Friday, September 01, 2006

Who takes responsibility for security?

Neil Maechiter put out an interesting post about biometrics and the use of multi factor authentication. He references a post by Jerry Fishenden, Microsoft's National Technology Officer for the UK, describing how extremely secure systems should use 3 factor authentication:
something you know (such as a PIN), something you have (such as a smart card) and something you are (which is, of course, where biometrics typically come in).

A couple of weeks ago I talked about how US and UK banks are approaching multi-factor authentication for access to online services and secure banking sites. In the US the FFIEC has mandated two factor authentication, although the way that some banks are approaching this seems to require only software tricks to support two types of 'something you know'. In the UK, card readers and key fob tokens are being rolled out now to supplement the first factor of username/password, following hot on the heels of mainland European banks.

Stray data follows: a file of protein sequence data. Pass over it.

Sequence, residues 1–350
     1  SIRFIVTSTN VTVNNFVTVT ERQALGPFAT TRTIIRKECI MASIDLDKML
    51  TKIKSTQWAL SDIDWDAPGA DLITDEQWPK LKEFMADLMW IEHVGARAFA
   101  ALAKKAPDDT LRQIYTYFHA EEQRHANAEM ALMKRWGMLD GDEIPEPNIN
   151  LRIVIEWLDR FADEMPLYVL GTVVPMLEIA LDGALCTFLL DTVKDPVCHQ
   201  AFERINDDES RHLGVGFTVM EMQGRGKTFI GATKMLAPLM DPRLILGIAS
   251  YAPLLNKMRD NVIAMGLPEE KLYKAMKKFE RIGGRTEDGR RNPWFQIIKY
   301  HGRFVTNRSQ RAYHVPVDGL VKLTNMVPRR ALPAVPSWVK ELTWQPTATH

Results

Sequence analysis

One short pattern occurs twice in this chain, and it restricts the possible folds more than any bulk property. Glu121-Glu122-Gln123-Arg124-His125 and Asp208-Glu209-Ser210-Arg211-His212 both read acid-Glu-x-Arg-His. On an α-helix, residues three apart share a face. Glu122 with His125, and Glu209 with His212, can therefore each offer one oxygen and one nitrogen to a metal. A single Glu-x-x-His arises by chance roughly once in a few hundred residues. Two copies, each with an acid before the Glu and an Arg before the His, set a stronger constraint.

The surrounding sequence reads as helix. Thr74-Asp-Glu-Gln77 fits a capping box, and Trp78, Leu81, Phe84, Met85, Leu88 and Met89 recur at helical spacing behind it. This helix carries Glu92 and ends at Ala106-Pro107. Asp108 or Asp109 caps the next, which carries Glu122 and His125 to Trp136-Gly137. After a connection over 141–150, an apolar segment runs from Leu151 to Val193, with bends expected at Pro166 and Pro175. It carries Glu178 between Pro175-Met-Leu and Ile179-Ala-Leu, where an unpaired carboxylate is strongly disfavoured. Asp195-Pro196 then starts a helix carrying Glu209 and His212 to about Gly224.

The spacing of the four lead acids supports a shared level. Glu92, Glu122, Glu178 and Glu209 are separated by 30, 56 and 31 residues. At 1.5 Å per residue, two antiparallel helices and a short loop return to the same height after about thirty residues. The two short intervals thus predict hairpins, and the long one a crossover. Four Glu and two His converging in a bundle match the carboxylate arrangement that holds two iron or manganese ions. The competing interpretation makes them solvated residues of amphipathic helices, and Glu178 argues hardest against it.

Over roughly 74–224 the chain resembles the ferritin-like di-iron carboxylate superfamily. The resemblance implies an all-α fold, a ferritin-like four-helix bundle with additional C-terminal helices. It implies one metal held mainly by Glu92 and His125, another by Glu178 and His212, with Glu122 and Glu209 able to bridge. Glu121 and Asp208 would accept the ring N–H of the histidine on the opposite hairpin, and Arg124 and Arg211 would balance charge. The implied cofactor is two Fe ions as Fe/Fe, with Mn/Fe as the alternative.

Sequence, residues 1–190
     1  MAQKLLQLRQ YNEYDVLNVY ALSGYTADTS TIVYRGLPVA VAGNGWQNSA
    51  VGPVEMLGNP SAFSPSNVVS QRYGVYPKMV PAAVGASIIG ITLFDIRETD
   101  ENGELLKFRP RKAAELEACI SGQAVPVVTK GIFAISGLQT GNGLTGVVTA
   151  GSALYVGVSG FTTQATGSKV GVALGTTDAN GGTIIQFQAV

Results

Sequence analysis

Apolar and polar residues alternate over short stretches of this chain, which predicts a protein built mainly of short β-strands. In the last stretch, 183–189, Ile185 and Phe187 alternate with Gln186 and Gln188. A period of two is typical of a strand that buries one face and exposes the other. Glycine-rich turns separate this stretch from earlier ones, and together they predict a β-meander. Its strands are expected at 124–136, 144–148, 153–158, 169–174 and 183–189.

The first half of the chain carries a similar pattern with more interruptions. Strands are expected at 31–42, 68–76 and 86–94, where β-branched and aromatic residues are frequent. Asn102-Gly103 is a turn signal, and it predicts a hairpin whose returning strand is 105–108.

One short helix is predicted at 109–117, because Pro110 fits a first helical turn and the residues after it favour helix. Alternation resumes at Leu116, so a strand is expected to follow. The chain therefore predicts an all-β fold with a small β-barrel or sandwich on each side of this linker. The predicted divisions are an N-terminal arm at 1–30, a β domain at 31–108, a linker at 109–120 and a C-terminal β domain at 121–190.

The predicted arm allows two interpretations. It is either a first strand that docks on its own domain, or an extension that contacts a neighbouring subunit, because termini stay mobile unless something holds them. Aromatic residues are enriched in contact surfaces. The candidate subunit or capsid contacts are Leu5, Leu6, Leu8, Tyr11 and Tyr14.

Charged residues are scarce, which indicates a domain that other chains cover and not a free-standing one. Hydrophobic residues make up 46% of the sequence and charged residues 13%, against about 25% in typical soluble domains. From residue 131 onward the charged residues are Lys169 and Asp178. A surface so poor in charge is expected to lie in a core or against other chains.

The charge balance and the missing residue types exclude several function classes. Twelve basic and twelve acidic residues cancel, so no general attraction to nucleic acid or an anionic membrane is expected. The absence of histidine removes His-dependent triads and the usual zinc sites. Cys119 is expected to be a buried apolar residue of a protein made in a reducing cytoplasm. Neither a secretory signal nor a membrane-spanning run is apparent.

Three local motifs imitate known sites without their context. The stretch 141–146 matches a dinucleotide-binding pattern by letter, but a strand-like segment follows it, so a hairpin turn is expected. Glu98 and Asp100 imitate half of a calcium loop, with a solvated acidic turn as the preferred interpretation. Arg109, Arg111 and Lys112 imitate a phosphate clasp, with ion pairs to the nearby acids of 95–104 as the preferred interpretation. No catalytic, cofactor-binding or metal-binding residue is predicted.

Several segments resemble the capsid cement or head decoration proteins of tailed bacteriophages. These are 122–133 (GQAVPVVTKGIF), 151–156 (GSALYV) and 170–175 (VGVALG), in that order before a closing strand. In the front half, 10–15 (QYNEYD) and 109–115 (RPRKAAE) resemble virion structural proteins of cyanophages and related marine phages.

The third factor, "something you are", has not been applied by banks (to my knowledge), but with the accelerating pace of biometric passports and identity cards this could soon be an option. The question is, does your online banking really need a third factor of identity to be secure? The third factor (biometrics) purely adds extra protection to ensure it really is 'me' at the computer keyboard - not someone who found my stolen key fob and attached Post-It with my username and password written on it.

It seems to me that the bigger risk to my accounts are through personal information being compromised internally by company and agency IT staff or insecure systems. Maybe with 2 factor security providing authentication protection, the banks will start to take some responsibility for their part in the security of our accounts and information -- deflecting the blame to hackers and customers outside the organization will no longer provide enough aircover.

Technorati tags:

No comments: